Trying to Overcome My Ignorance on the Banking System

Over the last year, I have learned that those of us who took economics back in the 1980's with textbooks written in the 1960's and 1970's are not very well prepared to understand the modern banking system.  This was a pretty good article that whetted my appetite for understanding what has changed.  A couple of interesting bits from the piece:

One cannot think straight about the future impact of different exit strategies without understanding of the role of bank reserves in today’s financial markets.

  • Banking and money creation has not worked for at least two decades in the way that most people learned in school.

The old system was rather simple in the textbooks. The basic assumptions were (i) all credit was provided by banks; (ii) all bank credit (assets) were funded by the issuance, or creation, of depository liabilities (money) subject to a reserve requirement; and (iii) central banks controlled credit/money/inflation by rationing bank reserves. A stable 'money multiplier' was hypothesised to allow central banks to accurately predict the eventual impact of changes in bank reserves on money and credit.

The problem with the old theory of monetary operations is that none of the three assumptions has been true for at least a generation.
Most credit in the US is created by nonbanks; virtually all bank lending is funded by the creation of liabilities that are not subject to reserve requirements,3 and central banks do not ration reserves. In fact they take great pains to provide banks with the amount of reserves they desire. Central banks influence credit not by rationing the quantity of reserves but by altering the interest rate that banks must pay to obtain the quantity of reserves they desire.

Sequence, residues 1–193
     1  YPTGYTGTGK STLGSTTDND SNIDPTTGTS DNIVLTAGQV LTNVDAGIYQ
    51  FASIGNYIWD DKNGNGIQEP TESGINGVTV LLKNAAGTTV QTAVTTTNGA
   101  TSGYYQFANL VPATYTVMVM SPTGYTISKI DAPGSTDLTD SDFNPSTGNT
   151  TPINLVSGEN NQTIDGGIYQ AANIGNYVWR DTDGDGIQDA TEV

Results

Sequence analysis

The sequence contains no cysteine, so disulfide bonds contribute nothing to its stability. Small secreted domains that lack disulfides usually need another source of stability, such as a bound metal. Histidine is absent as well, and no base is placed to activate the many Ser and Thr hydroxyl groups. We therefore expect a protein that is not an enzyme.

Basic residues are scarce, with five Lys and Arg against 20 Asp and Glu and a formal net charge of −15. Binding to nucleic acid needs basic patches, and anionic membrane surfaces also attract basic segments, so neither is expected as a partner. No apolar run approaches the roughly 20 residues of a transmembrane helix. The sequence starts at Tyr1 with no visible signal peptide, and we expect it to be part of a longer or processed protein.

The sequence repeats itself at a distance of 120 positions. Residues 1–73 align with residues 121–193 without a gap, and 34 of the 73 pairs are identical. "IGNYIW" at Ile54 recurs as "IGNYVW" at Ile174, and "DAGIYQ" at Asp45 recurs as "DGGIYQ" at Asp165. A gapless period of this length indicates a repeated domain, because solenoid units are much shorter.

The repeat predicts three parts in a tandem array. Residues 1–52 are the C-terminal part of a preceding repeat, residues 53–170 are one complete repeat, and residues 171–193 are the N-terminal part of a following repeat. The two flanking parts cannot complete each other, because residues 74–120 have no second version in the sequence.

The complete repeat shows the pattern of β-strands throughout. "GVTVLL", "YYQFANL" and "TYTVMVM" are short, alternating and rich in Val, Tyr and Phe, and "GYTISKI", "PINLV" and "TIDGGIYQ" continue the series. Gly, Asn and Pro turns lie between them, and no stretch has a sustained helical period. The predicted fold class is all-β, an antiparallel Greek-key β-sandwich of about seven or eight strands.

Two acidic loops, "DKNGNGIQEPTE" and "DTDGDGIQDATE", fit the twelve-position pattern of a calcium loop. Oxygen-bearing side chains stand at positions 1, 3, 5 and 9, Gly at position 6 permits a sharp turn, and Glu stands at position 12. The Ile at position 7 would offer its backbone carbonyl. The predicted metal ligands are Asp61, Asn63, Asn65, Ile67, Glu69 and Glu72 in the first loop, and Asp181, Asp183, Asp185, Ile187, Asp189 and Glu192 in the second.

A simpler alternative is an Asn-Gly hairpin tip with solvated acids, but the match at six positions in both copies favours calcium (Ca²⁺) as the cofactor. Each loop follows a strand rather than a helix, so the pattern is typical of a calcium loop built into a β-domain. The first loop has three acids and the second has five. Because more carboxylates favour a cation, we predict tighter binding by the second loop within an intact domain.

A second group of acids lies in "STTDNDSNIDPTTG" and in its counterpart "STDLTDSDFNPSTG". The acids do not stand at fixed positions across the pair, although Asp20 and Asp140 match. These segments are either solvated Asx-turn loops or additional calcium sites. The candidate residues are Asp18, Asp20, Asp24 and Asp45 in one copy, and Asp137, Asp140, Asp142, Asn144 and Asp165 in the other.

• Today, credit creation in general and money creation in particular are no longer tied to the stock of reserves (i.e. the stock of banks’ deposits at the Fed).

This gets to the heart of the question of why over $2 trillion in excess bank deposits built up at the Fed over the last 4 years are not really moving the needle on bank lending  (of course, this is a supply AND demand problem, and part of the issue with flat bank lending is tie to lack of demand as many businesses deleverage).  But in terms of supply, I am increasingly coming to terms with the following statement which seems counter-intuitive to someone who studied banking 30 years ago

One of the unintended consequences of Fed LSAPs has been the withdrawal of high quality liquid collateral such as US Treasuries from the financial markets paid for by crediting commercial bank reserve accounts. As discussed above, the banking system as a whole cannot dispose of these assets (reserves). At the same time, banks are under massive pressure world-wide to deleverage. This can take place either by increasing capital (a bank liability), which is costly to shareholders, or by reducing assets. Thus banks’ massive holdings of reserves at the Fed are ‘deadwood’ as far as the banks and their credit-creation capacity are concerned. They may crowd out credit.

The deadwood problem will get worse if the US tightens regulatory leverage ratios – that is, reduces the maximum ratio permitted between a bank’s total assets and capital.6

There is a great irony in the journalistic history of monetary policy. What many are calling central bank “money creation” “helicopter money” or “rolling the printing presses” may – in combination with tighter leverage ratios – lead to a tightening of bank credit and deflationary pressures.  And all this is occurring while the spectre of uncontrolled credit expansion and monetary debasement are being decried countless times by those who have not recognized that yesteryear’s monetary paradigm is defunct.

Interesting.  I hear this from a lot of people in the know about the system.  The author suggests one solution is having the Fed begin to do reverse repos with non-banks, which would drain excess reserves while adding high quality collateral back to the banking system which would allow more lending.  Which appears to be exactly what the Fed is considering.

I am reading this article next to see if I can get a better handle on how all this works.  I will let you know if I find it useful.